Shouldn’t you be doing something else?”
I was in my car, running the errands I had added here and there to my to-do list before I left home, and that same thought kept popping into my head. “Shouldn’t you be doing something else?” I was ready to take myself on with an argument of self-defense when I realized that thought, which was about to remove the contentment from a perfectly beautiful day, wasn’t coming from me.
This wasn’t the first time I had been plagued with the uneasiness that what I was doing was of less importance than the “something else” I should have been doing, whatever that “something else” might have been. And it wasn’t the first time that very thought had the potential to leave me feeling defeated for the entire day. Except, this time, I realized it was the enemy who was at it again.
It wasn’t that dropping off my recycling and paying my electric bill weren’t important. They were. Or that I didn’t need to put gas in my car. I did. Or that the mail in my post office box could wait another day. It couldn’t. (It really couldn’t. My daughter had recently moved almost 7 hours away, and I was expecting my first long-distance Mother’s Day card!) It was that, no matter what I was choosing to do, the enemy was trying to convince me I should have chosen to do something else.
It was the same tactic I had sensed him using on several of my friends, especially my friends who were moms. One after the other they had shared their hearts, and they were all fighting feelings of defeat. Even though their children were of different ages, the enemy must have gone over with a hot air balloon and dropped the same “something else” spirit on all of them because their struggles were similar. They were all trying to climb out from under the joy-stealing, peace-robbing notion that they should be doing something else, something more. More worthy. More notable. More profitable.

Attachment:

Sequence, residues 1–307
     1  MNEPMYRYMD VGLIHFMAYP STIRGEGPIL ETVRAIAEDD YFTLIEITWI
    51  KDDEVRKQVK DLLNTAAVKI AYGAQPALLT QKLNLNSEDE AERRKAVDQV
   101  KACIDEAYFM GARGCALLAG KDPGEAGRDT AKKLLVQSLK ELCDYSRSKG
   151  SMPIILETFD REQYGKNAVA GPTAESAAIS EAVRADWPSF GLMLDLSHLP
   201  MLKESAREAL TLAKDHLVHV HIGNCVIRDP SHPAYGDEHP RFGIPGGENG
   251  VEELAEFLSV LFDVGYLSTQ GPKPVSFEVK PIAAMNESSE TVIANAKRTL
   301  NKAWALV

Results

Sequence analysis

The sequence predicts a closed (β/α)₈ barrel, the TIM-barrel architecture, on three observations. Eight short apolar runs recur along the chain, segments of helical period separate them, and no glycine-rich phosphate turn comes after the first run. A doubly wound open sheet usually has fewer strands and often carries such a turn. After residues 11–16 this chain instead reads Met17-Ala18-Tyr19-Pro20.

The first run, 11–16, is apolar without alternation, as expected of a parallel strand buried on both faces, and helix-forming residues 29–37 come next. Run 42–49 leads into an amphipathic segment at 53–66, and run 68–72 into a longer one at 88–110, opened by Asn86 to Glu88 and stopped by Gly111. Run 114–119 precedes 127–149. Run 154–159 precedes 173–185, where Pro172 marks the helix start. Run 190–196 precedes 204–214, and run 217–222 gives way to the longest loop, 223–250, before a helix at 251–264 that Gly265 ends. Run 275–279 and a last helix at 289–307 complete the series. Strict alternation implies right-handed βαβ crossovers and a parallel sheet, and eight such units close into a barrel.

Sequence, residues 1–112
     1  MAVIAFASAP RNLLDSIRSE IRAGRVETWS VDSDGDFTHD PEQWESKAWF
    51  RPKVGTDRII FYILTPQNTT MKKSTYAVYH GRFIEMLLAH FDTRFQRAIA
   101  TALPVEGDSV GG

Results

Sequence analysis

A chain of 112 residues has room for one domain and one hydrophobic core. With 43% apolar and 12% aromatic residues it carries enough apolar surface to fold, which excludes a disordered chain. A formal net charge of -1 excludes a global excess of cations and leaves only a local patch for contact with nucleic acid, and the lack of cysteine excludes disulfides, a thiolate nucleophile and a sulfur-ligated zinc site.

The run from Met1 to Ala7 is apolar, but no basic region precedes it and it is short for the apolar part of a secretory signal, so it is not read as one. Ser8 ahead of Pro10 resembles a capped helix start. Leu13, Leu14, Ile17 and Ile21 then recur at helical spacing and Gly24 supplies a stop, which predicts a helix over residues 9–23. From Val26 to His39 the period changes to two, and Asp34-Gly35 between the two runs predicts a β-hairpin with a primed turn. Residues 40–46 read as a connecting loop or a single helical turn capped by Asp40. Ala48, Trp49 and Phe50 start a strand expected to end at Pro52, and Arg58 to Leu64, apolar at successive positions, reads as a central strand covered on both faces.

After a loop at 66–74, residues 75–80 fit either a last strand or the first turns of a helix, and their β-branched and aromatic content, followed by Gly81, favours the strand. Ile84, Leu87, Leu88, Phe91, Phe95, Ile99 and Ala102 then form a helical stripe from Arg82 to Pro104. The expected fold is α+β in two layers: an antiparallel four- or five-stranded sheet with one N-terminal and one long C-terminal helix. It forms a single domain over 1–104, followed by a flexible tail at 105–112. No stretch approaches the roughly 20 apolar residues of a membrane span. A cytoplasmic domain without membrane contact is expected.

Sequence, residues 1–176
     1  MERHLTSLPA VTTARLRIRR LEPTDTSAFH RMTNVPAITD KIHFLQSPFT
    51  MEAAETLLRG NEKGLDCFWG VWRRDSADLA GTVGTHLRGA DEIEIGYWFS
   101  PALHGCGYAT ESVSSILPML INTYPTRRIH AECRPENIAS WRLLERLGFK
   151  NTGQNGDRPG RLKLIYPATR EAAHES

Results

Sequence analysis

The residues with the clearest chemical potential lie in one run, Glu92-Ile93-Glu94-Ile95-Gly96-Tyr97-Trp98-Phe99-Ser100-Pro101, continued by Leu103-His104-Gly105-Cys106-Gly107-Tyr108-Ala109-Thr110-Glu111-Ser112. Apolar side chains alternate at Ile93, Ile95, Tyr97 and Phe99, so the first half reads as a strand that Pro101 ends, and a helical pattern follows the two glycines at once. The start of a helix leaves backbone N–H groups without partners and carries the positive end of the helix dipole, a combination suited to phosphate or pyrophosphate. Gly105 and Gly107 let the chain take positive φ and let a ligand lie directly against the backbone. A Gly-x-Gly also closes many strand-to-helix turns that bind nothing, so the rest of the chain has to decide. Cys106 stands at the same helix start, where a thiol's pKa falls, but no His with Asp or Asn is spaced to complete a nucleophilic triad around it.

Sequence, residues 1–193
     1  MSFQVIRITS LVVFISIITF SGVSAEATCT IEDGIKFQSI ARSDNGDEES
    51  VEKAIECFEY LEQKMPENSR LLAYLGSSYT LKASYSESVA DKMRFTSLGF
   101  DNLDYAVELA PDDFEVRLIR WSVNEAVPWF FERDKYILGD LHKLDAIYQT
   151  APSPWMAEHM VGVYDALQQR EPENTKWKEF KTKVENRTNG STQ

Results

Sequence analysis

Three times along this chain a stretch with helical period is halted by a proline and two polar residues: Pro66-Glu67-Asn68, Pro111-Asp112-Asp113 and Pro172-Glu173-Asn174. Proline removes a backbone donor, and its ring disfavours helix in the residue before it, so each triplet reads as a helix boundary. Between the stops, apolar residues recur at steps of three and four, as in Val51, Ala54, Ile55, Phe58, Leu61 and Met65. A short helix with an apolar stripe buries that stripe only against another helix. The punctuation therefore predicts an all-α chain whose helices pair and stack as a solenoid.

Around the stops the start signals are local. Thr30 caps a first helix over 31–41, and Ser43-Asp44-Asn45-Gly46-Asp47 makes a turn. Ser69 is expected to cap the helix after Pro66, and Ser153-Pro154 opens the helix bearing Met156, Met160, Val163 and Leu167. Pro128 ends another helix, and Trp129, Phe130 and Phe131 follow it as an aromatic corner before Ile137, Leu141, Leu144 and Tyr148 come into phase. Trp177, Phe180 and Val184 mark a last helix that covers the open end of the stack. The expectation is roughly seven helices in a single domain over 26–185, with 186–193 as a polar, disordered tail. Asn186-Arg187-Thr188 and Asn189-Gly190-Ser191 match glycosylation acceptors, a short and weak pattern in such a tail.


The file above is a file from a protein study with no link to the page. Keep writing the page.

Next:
More “something else.”
No matter how grand of a task they had undertaken, the enemy was doing his best to convince them that something else would be better.
Truth be told, when thoughts of my day turned to thoughts of theirs, it made no sense to me why he would use the same “something else” tactic on my grocery store stop as he would on my friend’s homeschooling decision. Until I realized he isn’t just after the tasks.
He is after the joy. He is after the peace. And he is a sneaky thief.
As long as thoughts of “something else” are on our minds, it is impossible to enjoy the life that is right in front of us. And the enemy knows it. As long as he can convince us that we are missing the mark or missing the boat, he will succeed in keeping us distracted and discontented. And robbed of joy.
When the apostle Paul was closing his letter to the church at Galatia, he reminded them of this: “Let us not become weary in doing good, for at the proper time we will reap a harvest if we do not give up” (Galatians 6:9). It was a wise warning because the enemy wants us to give up in doing good. He despises harvest time. So he has perfected the art of stealing our joy, even from what should be the most delightful and fulfilling, God-ordained tasks. And all he has to do is ask this simple question: “Shouldn’t you be doing something else?”
After all, he knows if the joy is gone, then weariness is sure to follow, and our desire to quit won’t be far behind. And it’s goodbye harvest!
It took me crossing off a couple completed errands to recognize the war I was in over my seemingly insignificant list of stops around town, but once I did, I engaged the enemy and won the battle. I let him know my joy was off the table, and I would be enjoying every single part of my day.
Especially since my Mother’s Day card arrived, and it was absolutely beautiful.
©2017 Wendi Miller
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